Is it possible to live permanently in Australia if the non-citizen is HIV positive?

The answer to this is maybe. This depends on what type of visa the person has applied for and in certain circumstances the health criterion which can capture HIV positive applicants can be waived. To this end, health waivers can be obtained for a range of family, skilled and other visa types but it is not universally available. A health waiver can be accessed by demonstrating that certain circumstances exist which warrant a waiver of the relevant health criterion in the first instance.

What factors are considered for a health waiver?

The circumstances that the DIBP will take into consideration in terms of determining whether a health waiver should be granted, generally include:

1. The impact on any Australian citizen children and the extent of any family ties;

2. The effect on an applicant’s health if forced to relocate;

3. The benefits the affected applicant and/or their family members can bring to the Australian community and the economy more generally by allowing the waiver;

4. The applicant and/or any sponsor’s ability to offset the potential costs of treatment; and, amongst other things

5. Any other relevant factor(s).

If a non-citizen is HIV positive can they get a partner visa for example?

The answer to this is yes potentially they can. Partner visas are one of the visas that do have a health waiver embedded within them however this is by no means a guaranteed proposition that an affected non-citizen will succeed with it.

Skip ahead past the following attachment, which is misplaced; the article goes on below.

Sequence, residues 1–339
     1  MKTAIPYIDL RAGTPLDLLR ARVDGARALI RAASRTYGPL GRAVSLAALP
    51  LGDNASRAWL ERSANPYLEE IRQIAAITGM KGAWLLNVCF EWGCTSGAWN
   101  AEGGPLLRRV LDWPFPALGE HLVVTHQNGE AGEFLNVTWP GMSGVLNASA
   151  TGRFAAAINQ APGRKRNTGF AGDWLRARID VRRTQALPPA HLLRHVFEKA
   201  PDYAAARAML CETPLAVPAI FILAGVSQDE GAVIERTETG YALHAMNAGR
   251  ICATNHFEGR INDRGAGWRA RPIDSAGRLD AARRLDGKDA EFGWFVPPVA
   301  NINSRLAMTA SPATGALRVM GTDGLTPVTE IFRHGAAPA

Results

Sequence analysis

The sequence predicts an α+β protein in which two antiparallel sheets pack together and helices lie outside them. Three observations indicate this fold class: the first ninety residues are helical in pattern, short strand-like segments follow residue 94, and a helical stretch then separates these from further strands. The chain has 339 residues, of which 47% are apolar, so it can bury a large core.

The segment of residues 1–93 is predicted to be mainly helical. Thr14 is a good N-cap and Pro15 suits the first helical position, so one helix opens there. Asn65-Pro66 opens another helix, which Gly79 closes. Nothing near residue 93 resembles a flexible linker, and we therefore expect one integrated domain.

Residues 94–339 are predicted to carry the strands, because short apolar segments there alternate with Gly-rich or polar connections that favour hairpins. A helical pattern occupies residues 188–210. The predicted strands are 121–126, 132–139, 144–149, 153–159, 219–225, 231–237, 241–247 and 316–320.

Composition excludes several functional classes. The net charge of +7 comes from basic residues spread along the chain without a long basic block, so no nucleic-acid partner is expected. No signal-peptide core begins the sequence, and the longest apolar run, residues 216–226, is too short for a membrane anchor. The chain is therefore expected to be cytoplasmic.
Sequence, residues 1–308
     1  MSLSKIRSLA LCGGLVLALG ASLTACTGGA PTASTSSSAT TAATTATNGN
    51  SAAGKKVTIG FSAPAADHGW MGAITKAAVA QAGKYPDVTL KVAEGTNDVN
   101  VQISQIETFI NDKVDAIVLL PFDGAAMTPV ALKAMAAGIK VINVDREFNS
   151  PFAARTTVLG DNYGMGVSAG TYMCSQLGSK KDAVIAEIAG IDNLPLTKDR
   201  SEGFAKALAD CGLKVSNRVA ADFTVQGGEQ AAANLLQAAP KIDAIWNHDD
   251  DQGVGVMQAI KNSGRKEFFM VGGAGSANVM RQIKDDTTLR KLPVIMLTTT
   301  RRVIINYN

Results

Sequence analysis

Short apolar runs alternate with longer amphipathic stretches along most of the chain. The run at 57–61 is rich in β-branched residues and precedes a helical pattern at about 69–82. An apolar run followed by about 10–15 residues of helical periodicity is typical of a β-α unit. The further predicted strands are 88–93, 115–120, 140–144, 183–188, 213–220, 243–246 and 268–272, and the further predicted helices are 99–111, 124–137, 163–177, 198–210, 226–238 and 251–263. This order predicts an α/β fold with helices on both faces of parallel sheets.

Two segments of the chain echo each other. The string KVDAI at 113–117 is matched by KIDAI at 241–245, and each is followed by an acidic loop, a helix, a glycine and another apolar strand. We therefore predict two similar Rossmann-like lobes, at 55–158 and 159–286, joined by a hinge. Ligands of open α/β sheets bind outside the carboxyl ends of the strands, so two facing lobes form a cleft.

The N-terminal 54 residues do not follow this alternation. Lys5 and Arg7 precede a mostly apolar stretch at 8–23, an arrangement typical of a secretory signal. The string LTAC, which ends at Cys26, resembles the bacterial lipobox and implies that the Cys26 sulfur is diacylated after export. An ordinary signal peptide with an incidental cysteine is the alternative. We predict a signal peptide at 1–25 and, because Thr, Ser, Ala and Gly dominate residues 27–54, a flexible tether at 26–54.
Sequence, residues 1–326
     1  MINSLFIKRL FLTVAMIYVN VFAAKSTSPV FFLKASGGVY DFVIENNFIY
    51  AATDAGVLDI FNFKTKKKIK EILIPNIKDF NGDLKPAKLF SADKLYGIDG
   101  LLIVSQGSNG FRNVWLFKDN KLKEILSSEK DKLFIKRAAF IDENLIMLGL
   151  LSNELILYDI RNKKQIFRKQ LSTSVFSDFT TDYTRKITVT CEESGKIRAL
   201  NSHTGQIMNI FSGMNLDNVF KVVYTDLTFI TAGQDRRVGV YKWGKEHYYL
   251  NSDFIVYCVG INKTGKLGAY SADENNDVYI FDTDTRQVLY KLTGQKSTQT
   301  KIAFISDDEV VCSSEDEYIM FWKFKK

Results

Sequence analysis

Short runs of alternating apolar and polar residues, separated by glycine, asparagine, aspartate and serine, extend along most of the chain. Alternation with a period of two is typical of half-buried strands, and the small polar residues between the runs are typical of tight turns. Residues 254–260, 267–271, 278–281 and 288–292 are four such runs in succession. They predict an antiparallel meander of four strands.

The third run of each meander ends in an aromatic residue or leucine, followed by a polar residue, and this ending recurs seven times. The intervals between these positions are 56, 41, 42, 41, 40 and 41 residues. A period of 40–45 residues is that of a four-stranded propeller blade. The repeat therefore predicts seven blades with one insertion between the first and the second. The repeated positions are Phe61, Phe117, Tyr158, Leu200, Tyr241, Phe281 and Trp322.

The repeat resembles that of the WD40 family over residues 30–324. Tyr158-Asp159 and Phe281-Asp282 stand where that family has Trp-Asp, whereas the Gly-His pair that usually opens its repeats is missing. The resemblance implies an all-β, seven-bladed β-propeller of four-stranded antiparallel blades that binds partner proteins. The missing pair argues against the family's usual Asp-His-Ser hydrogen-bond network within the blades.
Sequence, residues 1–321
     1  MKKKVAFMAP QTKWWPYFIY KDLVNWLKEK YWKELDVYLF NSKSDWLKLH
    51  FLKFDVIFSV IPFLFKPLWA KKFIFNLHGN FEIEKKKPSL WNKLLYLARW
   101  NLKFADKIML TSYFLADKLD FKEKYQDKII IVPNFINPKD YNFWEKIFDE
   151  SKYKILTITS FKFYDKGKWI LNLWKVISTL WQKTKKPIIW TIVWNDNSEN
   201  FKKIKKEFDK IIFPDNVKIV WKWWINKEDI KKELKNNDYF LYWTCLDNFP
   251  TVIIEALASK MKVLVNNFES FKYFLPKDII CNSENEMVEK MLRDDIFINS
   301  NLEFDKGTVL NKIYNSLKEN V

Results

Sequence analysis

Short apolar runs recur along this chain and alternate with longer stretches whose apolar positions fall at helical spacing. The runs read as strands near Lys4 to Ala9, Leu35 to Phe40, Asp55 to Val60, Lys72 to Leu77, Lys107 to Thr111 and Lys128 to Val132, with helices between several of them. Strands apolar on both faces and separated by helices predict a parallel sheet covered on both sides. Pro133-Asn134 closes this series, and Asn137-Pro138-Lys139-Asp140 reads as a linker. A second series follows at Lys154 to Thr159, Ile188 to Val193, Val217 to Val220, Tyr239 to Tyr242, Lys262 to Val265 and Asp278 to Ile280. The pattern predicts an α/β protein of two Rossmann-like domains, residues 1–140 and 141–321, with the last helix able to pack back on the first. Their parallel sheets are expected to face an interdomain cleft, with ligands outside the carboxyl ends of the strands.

An affected non-citizen applicant for a visa which has a health waiver provision needs to explore as a matter of first principles whether there is scope for them to argue based on the foregoing circumstances, entitlement to such a waiver.

For any visa applicant, careful consideration needs to be applied towards whether the person can meet the legislative requirements to even be able to make an application, as well as to be granted the visa. This is no different but perhaps is even more amplified, for those who are HIV positive.

Making a visa application for a HIV positive person will often require careful strategic considerations in terms of identifying an appropriate visa option which has a health waiver provision. Once this is identified, and in conjunction with any treating providers, one of the first things to do is to establish the full extent of the condition in terms of matters such as the current CD4+ cell count, what treatment algorithm is being pursued as well as whether there are co-infection issues amongst a whole range of other things.

Once and in conjunction with establishing the health landscape, detailed preparation and evidence gathering needs to be applied towards the chosen pathway such that despite the diagnosis, the affected applicant has optimum prospects towards being able to enter or remain in Australia.